"Oh-oh! Someone amongst us is not a real feminist …"
Saturday, March 8 is International Women's Day. In the spirit of the day, I would like all those fashion editors pushing feminism as a trend and flats as a symbol of female empowerment to put their money where their mouth is. Here is a list of changes I would like the fashion industry to embrace.
The fashion industry measures diversity by the number of models of color cast for runway shows or the presence of models of color cast in major brand campaigns. While numbers are clearly important, social progress is often difficult to measure in objective terms. We therefore shouldn't neglect the individual narratives for they highlight the reasons why diversity in fashion matters in the first place.
I never thought I would see the day when Paris Vogue would resort to Google Translate to develop its web content. Either that or they've hired a remedial reading student to proof-read their online articles. How else to explain the gramatically-challenged sub-title "Clarins upgrade sa salade healthy en imaginant une association encore plus gourmande!"
As you may have heard, Charlotte Rampling will be the face of Nars' 20th anniversary campaign. This announcement wouldn't be all that exciting but for the fact that Rampling is 68 years old and unlike other actresses of her generation such as Catherine Deneuve, she appears to have embraced her age rather than trying to fight it lock, stock and scalpel.
There is currently a debate taking place on sites like Jezebel over whether Claire Underwood, Robin Wright's character on House of Cards, is a feminist icon or not. Personally, I think the debate misses the point. Instead, we should be celebrating the fact that the writers of House of Cards have created such a rich, complex female character that finally breaks with traditional portrayals of political wives.
After debuting in Montreal in 2011 and traveling to San Francisco, Madrid, Rotterdam, Stockholm, Brooklyn and London, the blockbuster exhibit dedicated to the former "enfant terrible" of the Paris fashion scene, The Fashion World of Jean Paul Gaultier: From the Sidewalk to the Catwalk, is finally coming to Paris' Grand Palais.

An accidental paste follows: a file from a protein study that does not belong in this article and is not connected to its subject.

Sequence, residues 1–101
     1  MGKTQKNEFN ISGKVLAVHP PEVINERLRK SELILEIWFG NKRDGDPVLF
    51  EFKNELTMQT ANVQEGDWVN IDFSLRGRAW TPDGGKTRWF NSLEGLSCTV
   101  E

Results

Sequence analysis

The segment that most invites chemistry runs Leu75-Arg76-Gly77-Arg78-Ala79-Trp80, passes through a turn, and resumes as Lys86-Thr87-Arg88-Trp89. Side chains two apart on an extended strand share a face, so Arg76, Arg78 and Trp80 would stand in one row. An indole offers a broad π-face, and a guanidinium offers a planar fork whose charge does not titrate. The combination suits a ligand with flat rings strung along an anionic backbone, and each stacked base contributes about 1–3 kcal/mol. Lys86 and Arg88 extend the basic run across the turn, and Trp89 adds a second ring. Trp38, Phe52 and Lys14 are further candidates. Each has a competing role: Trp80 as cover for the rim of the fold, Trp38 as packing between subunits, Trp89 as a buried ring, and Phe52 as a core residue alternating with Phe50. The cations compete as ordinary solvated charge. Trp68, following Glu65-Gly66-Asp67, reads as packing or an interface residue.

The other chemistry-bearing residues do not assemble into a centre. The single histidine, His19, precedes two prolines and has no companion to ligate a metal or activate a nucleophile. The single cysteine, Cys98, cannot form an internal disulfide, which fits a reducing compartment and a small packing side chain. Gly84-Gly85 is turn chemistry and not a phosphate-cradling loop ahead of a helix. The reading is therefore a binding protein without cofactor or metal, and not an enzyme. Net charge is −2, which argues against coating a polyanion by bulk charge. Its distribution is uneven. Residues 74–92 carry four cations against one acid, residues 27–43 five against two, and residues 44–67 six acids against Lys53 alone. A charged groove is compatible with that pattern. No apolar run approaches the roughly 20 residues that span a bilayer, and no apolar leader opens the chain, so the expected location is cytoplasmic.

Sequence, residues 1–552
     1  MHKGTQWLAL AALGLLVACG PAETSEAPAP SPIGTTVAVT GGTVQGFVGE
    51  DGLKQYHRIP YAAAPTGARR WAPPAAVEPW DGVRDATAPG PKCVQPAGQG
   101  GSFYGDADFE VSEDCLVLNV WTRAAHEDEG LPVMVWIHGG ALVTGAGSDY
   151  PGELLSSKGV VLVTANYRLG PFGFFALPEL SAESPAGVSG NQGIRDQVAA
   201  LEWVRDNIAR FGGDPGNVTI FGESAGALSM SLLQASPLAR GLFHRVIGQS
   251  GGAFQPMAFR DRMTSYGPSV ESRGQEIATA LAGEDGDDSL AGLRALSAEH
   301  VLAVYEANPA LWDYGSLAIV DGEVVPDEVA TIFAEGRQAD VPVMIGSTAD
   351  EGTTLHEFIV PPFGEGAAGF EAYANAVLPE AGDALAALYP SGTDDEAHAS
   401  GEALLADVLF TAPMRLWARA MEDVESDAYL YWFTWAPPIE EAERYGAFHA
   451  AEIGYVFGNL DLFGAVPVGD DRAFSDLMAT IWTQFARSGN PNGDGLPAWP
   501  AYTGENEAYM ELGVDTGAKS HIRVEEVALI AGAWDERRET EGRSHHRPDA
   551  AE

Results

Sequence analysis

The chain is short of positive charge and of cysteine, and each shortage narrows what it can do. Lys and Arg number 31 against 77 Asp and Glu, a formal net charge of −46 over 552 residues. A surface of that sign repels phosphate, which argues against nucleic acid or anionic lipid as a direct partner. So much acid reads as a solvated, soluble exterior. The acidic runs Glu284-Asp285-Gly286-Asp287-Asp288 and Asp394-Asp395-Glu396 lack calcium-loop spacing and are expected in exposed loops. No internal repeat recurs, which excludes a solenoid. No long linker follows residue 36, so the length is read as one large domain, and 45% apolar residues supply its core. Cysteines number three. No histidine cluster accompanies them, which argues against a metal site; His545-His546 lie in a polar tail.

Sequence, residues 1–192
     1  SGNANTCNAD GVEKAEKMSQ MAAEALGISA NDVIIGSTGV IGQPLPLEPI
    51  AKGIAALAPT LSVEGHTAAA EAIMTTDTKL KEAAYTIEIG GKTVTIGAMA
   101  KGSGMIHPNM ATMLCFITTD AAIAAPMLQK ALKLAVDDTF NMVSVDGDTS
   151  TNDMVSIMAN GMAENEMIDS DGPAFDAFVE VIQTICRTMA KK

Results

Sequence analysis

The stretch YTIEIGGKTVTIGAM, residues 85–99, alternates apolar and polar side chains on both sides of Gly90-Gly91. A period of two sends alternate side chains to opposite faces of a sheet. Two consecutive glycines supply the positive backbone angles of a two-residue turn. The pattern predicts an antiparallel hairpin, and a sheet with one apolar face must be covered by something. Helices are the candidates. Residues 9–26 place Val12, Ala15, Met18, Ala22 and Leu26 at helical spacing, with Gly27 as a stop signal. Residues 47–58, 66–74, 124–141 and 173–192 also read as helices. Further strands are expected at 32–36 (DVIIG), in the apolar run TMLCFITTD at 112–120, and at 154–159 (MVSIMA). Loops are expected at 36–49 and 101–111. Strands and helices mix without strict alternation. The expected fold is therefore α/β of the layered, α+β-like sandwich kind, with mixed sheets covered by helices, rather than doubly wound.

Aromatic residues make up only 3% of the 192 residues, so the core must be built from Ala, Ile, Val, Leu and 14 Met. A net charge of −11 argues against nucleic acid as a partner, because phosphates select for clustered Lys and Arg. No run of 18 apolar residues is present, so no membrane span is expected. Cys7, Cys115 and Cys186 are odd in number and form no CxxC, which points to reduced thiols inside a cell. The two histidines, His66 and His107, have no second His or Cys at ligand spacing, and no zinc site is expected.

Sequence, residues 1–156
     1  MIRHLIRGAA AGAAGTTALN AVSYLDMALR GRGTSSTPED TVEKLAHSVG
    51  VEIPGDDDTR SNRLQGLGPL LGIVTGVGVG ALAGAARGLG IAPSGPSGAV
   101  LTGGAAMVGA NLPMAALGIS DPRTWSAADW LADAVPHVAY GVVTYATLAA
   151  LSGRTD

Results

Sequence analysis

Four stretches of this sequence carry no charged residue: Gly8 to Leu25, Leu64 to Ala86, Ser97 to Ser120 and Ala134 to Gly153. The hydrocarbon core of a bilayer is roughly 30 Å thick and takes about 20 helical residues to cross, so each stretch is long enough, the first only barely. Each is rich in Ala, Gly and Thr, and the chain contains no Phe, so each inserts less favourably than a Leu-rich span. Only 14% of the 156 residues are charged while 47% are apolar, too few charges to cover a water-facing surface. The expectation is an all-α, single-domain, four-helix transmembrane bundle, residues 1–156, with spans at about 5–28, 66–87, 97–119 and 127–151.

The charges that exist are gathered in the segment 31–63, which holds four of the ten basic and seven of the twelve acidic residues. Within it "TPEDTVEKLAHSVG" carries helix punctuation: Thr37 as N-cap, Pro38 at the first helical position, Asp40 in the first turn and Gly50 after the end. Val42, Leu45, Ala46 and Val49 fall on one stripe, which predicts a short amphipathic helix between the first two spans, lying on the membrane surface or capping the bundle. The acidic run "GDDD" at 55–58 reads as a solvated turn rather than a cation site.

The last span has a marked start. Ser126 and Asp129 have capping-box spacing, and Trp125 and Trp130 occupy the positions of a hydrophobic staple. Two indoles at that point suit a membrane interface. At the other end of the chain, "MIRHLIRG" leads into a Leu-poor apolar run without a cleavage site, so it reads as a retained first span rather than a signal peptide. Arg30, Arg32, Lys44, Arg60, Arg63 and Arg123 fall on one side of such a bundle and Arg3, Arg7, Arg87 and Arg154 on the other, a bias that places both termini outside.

Notions of elegance tend to vary with time, culture and individual sensibilities. Western notions of elegance for instance have evolved considerably over the decades reflecting the evolution of social and cultural mores. Women sporting trousers are no longer denied entrance to elegant restaurants and men can generally dispense with tie & jacket except perhaps in the most stuffy of private clubs. Elegance, in other words, is a relative concept.
Today is Valentine's Day, a holiday long associated with tacky marketing designed to sell red roses and heart-shaped chocolate. Many (myself included) object to its insipidness and to the fact that it contributes to trivializing notions of love and commitment. The recent debate over marriage equality throughout Europe and North America however has inspired me to see the day in a more forgiving light.
If the names Irving Penn, Erwin Blumenfeld, Cecil Beaton, Richard Avedon, Clifford Coffin, André Kertész, William Klein, David Bailey, Helmut Newton, Deborah Turbeville and Annie Leibovitz mean anything to you, then you have the exacting eye and flair for talent of one man to thank: Alexander Liberman.
Fans of fashion photography have something to look forward to in March. The Musée de la mode de la ville de Paris (aka the Palais Galliera) is hosting "Coming into Fashion, a Century of Photography at Condé Nast", a traveling exhibit of 150 photographs drawn from the archives of Vogue, Vanity Fair, Glamour and W.
The Luxe Chronicles is a collection of interviews, profiles and musings on various aspects of the luxury industry and occasionally, a rant on our celebrity obsessed culture and the dumbing down of our collective sense of style and esthetic.